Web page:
The only chipmunk species in Coastal Oregon, the Townsend's Chipmunk, is a member of the squirrel family, Sciuridae. It is the one of the largest chipmunks in North America with the head and body measuring between 5.5 and 6.5 inches. The tail is between 4 and 6 inches.
Both the Townsend's Chipmunk and the Douglas Squirrel were first noted by Lewis and Clark on February 25, 1806, at Fort Clatsop, Oregon.
The Townsend's Chipmunk, along with Townsend's Mole and Townsend's Warbler, are some of the mammals that were named after John Kirk Townsend. He was a naturalist and ornithologist who was invited to join an expedition across the Rocky Mountains to the Pacific Coast in 1883.
Townsend's Chipmunk Habitat
Surprisingly, chipmunks are not social - at least with their living quarters. Each chipmunk has its own underground burrow. The burrows are usually dug underneath bushes, rocks or logs. The entrance holes are 2 inches across and can be 5 feet long.
Chipmunks use straw, grass and other soft materials for their nests. Watch a video clip of a female Townsend's Chipmunk gathering straw for her nest.
Female chipmunks raise their young without any help from males. Because our climate is mild, chipmunks often have two litters. The young are born naked and blind.
Townsend's chipmunks mate in spring and in June, little chipmunks are out and about learning about life and having fun. Watch a video clip of two young Townsend's chipmunks in a tussle boxing with each other.
Our chipmunks are especially fond on black-oil sunflower seeds. However, when the chips are down, they will eat sunflower chips. We often see them eating blackberries, blueberries, strawberries and other native berries along with various grass and plant seeds.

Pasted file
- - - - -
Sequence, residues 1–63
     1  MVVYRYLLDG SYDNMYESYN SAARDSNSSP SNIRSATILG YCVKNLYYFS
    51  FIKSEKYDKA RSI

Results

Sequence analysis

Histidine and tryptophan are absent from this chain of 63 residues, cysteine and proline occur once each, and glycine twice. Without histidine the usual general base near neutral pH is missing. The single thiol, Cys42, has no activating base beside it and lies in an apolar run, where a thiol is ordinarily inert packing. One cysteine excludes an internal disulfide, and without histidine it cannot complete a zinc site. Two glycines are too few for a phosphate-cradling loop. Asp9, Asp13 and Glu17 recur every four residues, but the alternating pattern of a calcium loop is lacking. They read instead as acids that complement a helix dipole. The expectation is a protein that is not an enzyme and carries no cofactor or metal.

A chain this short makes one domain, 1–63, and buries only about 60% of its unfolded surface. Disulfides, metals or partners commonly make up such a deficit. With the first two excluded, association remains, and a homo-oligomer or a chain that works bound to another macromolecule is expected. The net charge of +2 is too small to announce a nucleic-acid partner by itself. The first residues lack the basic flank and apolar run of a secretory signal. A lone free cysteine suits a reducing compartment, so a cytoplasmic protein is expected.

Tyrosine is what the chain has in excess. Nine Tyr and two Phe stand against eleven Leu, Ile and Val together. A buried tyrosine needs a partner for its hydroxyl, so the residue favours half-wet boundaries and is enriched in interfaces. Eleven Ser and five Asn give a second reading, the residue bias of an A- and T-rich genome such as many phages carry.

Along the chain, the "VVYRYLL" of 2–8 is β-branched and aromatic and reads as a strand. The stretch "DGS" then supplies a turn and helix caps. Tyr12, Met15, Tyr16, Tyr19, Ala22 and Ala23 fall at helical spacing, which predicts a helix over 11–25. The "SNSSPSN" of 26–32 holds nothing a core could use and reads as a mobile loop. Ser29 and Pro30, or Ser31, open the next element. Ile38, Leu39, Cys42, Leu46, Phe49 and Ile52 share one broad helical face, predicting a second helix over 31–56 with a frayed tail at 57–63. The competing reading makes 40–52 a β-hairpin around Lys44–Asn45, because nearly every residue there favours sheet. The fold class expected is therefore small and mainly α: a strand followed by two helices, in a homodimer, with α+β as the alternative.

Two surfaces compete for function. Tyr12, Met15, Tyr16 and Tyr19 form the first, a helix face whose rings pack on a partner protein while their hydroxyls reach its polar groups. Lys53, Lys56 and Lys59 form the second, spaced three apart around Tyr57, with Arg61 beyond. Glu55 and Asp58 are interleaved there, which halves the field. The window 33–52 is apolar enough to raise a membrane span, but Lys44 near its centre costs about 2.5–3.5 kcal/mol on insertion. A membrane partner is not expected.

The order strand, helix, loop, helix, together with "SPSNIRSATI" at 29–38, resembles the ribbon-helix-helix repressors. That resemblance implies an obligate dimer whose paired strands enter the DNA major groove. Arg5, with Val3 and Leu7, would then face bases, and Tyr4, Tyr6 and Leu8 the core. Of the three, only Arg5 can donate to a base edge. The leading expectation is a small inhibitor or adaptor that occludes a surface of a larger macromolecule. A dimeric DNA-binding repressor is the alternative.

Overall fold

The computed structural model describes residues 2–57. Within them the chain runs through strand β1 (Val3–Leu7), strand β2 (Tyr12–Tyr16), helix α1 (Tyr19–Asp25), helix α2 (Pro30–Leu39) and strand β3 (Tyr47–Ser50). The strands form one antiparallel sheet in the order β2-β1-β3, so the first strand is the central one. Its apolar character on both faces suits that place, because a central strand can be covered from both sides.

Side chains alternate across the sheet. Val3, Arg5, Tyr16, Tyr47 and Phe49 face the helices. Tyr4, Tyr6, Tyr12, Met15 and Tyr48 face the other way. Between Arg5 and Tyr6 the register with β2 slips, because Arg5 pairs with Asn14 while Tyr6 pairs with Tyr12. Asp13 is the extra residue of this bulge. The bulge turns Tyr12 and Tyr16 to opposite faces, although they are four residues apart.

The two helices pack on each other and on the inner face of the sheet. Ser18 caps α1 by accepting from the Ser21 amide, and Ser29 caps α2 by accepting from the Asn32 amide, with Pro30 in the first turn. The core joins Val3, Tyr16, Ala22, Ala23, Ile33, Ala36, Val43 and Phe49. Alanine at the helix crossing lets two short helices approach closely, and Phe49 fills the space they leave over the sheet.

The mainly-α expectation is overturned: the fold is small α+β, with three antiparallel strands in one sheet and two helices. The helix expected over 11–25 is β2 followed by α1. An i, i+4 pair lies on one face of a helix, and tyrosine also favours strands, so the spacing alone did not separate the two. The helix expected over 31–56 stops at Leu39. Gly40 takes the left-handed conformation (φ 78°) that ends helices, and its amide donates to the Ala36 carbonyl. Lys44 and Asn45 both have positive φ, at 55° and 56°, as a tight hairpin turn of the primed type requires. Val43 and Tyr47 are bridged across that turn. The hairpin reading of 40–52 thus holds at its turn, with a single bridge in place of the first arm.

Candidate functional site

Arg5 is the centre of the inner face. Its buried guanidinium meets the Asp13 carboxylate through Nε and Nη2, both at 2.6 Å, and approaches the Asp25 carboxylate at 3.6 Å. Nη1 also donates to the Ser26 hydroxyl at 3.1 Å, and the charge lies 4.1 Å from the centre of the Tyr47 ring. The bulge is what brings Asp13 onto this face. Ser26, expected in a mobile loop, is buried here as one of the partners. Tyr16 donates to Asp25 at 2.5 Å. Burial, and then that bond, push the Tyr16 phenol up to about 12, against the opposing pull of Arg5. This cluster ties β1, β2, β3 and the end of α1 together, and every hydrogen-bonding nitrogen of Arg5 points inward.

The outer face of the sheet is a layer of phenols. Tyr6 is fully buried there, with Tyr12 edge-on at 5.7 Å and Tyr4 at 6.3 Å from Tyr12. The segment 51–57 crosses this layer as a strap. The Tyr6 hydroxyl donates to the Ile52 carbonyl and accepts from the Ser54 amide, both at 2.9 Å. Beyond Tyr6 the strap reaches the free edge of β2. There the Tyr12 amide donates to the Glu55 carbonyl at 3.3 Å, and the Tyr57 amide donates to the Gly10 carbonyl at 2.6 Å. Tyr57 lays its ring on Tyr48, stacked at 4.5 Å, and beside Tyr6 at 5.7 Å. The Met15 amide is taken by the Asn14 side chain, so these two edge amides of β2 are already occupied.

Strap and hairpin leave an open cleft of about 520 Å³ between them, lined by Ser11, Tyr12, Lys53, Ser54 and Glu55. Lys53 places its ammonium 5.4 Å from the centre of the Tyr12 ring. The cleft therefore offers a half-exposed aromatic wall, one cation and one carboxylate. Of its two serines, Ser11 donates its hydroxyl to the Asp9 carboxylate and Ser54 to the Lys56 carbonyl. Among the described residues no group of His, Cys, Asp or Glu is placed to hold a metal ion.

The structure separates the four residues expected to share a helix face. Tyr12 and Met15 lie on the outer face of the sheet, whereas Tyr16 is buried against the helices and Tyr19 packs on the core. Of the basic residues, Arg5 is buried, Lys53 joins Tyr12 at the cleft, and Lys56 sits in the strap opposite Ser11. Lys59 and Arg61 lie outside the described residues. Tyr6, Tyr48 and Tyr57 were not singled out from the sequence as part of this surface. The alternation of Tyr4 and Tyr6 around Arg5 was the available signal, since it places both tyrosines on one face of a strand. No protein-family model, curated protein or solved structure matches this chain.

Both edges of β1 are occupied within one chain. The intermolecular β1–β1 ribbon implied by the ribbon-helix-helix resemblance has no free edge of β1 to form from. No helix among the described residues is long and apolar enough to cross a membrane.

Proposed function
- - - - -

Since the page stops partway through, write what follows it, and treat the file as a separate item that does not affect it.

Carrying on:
BritishColumbia wonderfully describes the process a chipmunk uses when it finds food. They write, "When preparing food for storage, the chipmunk holds fruit and seeds in its dexterous front paws, and with specialized incisors, which are especially long and directed forward, it removes seeds from pods. Then it uses its tongue to shift them backwards and stuff them between its teeth and the extensible skin in the cheek area, where they are held while the animal collects more food. The capacity of these cheek pouches increases with maturity. When the cheek pouches become full, the chipmunk deposits the seeds in its nest or buries them in shallow holes that it digs in the ground and then covers with earth, leaves, and other litter."
If you've ever wondered how far a chipmunk can travel for food, the Ministry of Environment in British Columbia, says "Townsend's Chipmunks have been observed traveling up to one kilometer to reach a good foraging spot where they proceed to stuff their cheek-pouches and promptly return to their den for consumption or caching of their booty (Woods 1980)."
Chipmunk Indian Legend
There is a wonderful Iroquois Indian legend about Chipmunk and Bear that is a must read.
There are some great stories about chipmunks on the internet. One is a personal story about chipmunks called Toni's Territory. It's a very entertaining site. Another eloquent article is Marty Stouffer at Yosemite National Park.